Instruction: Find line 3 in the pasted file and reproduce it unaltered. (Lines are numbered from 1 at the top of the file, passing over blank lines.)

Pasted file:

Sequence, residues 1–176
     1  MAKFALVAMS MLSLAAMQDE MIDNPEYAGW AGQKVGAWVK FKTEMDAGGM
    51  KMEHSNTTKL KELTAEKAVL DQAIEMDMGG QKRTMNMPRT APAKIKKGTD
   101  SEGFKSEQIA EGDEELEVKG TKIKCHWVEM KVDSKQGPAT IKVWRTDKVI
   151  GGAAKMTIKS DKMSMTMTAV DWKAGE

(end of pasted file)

    51  KMEHSNTTKL KELTAEKAVL DQAIEMDMGG QKRTMNMPRT APAKIKKGTD